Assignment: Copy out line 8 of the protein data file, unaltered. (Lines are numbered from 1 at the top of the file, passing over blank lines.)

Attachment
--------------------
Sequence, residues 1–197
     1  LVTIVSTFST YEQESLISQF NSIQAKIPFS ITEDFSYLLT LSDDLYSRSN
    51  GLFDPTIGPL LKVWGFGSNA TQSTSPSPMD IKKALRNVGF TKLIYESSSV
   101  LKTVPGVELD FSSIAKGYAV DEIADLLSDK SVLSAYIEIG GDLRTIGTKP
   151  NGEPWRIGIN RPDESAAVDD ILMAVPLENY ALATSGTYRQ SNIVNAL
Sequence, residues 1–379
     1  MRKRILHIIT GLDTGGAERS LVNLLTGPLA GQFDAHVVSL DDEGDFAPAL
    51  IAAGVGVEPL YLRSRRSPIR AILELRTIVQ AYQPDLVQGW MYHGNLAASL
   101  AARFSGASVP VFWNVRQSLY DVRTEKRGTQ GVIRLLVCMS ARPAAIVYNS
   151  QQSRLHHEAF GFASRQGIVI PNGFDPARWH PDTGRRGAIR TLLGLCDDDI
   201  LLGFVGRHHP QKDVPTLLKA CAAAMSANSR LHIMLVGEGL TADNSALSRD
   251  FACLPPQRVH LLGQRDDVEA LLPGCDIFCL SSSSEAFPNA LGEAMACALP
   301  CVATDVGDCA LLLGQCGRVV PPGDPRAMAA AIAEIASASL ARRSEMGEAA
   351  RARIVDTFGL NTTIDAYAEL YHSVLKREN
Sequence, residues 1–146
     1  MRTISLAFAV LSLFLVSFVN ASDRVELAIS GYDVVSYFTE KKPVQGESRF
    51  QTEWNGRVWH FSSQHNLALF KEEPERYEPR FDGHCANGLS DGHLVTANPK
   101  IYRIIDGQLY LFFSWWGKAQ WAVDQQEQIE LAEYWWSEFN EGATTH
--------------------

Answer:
    51  IAAGVGVEPL YLRSRRSPIR AILELRTIVQ AYQPDLVQGW MYHGNLAASL